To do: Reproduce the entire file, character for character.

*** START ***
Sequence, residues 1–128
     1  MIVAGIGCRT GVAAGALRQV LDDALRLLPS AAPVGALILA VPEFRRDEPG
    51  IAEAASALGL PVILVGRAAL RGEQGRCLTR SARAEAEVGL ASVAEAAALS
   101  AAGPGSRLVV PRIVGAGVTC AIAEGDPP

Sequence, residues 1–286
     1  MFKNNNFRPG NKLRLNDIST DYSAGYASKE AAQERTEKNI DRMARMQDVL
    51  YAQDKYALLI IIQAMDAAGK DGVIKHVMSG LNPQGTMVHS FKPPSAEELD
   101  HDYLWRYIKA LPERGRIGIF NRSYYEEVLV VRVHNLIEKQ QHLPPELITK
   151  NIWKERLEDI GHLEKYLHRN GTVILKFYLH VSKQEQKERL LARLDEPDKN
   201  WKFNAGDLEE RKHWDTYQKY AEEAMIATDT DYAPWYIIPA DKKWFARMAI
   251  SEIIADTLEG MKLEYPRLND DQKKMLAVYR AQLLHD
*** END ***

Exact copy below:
Sequence, residues 1–128
     1  MIVAGIGCRT GVAAGALRQV LDDALRLLPS AAPVGALILA VPEFRRDEPG
    51  IAEAASALGL PVILVGRAAL RGEQGRCLTR SARAEAEVGL ASVAEAAALS
   101  AAGPGSRLVV PRIVGAGVTC AIAEGDPP

Sequence, residues 1–286
     1  MFKNNNFRPG NKLRLNDIST DYSAGYASKE AAQERTEKNI DRMARMQDVL
    51  YAQDKYALLI IIQAMDAAGK DGVIKHVMSG LNPQGTMVHS FKPPSAEELD
   101  HDYLWRYIKA LPERGRIGIF NRSYYEEVLV VRVHNLIEKQ QHLPPELITK
   151  NIWKERLEDI GHLEKYLHRN GTVILKFYLH VSKQEQKERL LARLDEPDKN
   201  WKFNAGDLEE RKHWDTYQKY AEEAMIATDT DYAPWYIIPA DKKWFARMAI
   251  SEIIADTLEG MKLEYPRLND DQKKMLAVYR AQLLHD